Distributed practice does not try to fight the fact that you will forget things when you first learn them. By initially spending only 5 minutes on memorizing each phrase and acknowledging that you will forget the phrases, you will save yourself a lot of time and frustration. When you re-memorize the phrases for the second, third, and fourth times, you should find that the memorization process goes much faster because the phrases are like old friends. Also, again, each subsequent retrieval will make the memory more solid and dependable. Conversely, massed practice does not allow adequate time for you to forget material, meaning less opportunities to practice retrieval and more wasted time.

I will continue my discussion on this concept in my next post!

The Nature of Memory, Part 1: What It Means to Learn a Phrase

blog5-7-15memory2 The huge change that recently took place in my practicing is comprised primarily of three main ideas. These ideas are very often used together or to support one another, and all of them have made an enormous difference both in how quickly I learn music and in how I am able to maintain the repertoire I can already play. The first of these Big Ideas has to do with the nature of memory. Some questions I have asked myself (and occasionally others) about memory over the years:

  • How can you memorize music effectively in the most efficient way possible?
  • How can you keep the music that you’ve memorized so far in your memory while continuing to learn new music?
  • How can you keep the music that you’ve learned not only memorized, but always performance-ready or at least near performance-ready (in other words, it takes time to maintain physical technique as well)?
  • How can you significantly reduce the possibility of memory slips?

Here are some answers I have heard from others:

  • I learn the piece with the music first. I take the time to memorize the piece at some later point.
  • I don’t make any sort of extra effort to memorize music. I play the piece with the music, and eventually it will simply be memorized.
  • I consciously make the effort to memorize the music as I learn it.
  • I memorize separate hands (or left hand alone) for certain sections or pieces in order to reduce the possibility of memory problems.
  • I purposely create “emergency memory spots” in my music that I can jump to in case of a memory problem. For instance, say that a short piece has eight distinct sections. I practice so that I can instantly start from the beginning of each of those eight sections if needed.

I will talk about my personal solution to keeping a good number of pieces at least near performance-ready at a later point. The ideas of memorizing separate hands and creating “emergency memory spots” will be addressed within the next few posts. In any case, I came to the conclusion that memorizing the music while learning it for the first time is the most efficient solution. Learning / memorizing should be one process. If you wait until a performance is close to memorize a piece of music, it is very likely that the memory will be unreliable. By memorizing a piece first, all subsequent practicing without the score will reinforce the memory. In addition, the piece will obviously spend a much greater amount of time in your memory before you perform, which will also make it more solid and dependable. When I memorize, I do so phrase by phrase, trying to create larger phrases whenever possible. For non-musicians, this means that I separate the music into logical, musically sensible sections that each express a coherent thought. There are many exceptions, of course, but phrases can often be four bars or eight bars in length. I also do not believe in the idea of “play the notes first, add the music later”. In other words, from the beginning, when I am learning the first phrase, I am trying to do the following:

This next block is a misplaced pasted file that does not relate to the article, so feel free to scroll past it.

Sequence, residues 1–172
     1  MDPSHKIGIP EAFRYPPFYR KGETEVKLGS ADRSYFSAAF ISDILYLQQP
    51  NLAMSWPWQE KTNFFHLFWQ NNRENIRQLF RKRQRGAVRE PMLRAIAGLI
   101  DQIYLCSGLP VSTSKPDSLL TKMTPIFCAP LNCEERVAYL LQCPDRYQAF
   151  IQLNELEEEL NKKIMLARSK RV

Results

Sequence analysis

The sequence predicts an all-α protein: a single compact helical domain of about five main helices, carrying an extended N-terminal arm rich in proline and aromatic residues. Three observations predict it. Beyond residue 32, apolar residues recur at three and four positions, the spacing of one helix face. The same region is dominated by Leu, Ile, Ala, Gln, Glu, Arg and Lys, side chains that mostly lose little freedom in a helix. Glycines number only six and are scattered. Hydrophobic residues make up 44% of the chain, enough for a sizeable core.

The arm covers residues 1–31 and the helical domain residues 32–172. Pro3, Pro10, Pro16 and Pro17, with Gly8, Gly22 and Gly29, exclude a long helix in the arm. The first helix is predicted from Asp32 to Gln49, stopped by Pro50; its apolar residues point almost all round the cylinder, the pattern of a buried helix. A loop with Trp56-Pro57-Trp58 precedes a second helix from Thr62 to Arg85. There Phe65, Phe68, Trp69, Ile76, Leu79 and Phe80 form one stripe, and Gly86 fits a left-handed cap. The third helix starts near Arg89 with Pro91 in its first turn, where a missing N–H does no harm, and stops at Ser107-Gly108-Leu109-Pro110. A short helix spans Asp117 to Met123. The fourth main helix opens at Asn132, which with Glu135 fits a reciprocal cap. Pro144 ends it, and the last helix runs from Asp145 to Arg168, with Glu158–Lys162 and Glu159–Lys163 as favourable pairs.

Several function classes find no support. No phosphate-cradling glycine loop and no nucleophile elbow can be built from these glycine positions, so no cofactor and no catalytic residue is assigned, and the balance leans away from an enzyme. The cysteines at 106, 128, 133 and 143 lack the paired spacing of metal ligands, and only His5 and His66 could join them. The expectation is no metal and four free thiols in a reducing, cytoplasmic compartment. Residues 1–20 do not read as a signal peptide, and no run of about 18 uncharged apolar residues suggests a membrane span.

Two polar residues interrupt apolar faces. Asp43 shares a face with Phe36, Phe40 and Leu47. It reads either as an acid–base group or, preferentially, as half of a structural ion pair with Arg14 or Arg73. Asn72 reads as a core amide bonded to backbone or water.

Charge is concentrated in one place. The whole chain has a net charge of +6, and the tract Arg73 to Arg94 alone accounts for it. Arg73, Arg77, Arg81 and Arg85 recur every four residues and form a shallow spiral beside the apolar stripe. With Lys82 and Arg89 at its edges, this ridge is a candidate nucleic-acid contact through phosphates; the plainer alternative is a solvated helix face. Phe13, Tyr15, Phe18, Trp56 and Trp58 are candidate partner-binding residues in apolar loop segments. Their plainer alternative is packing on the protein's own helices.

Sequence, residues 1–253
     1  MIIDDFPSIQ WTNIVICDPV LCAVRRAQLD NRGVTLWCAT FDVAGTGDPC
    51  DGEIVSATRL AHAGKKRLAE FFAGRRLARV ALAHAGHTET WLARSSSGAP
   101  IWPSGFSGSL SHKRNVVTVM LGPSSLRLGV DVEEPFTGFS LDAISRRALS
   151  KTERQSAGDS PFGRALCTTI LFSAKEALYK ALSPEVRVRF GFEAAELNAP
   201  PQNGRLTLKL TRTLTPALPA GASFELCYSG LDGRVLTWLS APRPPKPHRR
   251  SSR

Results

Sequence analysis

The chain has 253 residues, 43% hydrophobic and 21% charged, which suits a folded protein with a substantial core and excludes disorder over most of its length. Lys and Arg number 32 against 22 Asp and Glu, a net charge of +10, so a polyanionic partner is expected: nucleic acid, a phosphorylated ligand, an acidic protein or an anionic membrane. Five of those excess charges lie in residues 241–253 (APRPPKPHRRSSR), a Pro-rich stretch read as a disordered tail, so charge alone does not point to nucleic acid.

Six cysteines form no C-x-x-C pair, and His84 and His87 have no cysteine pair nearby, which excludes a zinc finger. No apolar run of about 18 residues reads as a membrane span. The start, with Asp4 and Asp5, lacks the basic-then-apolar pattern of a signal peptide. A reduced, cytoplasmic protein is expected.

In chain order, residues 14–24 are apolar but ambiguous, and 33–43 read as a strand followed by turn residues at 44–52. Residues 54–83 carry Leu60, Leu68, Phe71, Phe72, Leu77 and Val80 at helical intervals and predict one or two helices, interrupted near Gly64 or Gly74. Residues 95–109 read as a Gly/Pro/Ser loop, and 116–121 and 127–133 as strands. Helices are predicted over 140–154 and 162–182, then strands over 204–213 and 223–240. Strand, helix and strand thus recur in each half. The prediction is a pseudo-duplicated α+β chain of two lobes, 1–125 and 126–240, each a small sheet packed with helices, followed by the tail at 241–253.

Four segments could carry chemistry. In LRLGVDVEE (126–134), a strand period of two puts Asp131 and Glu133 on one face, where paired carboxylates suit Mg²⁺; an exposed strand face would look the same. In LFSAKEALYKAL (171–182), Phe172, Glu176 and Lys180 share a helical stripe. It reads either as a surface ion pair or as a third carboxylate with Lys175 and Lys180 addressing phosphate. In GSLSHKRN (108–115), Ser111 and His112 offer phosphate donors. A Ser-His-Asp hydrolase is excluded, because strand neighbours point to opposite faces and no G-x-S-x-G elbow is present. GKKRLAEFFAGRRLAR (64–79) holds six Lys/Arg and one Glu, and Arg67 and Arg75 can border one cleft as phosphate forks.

• Follow all written markings, including notes, rhythm, articulation, dynamics, tempo indications, performance directions, etc. (anything that is printed on the score)
  • Decide what I am trying to show the audience in this phrase and adjust my balance accordingly. Play that line or voice somewhat louder while playing everything of lesser importance somewhat quieter (or a lot quieter).
  • Voice all chords. Decide which note is most important and make that note somewhat louder, while playing the other notes somewhat quieter (or a lot quieter).
  • Shape everything. The melody or most important line can have larger shapes (crescendos and decrescendos that may not be indicated in the score), while the accompaniment or all less important lines can have smaller shapes.
  • Using a combination of prior knowledge and research (e.g. listening to a few recordings), have some awareness of the style and period of the piece and specifically the compositional style of the composer. If you have never even heard the piece before or you don’t know it really well, listening to a few recordings will give you some idea of how quickly or slowly the piece is normally played, what sort of rubato (taking of time for expressive purposes) may be appropriate, how to better interpret the articulation and dynamic markings, subtle characteristic elements of the music that are difficult to notate, etc. etc.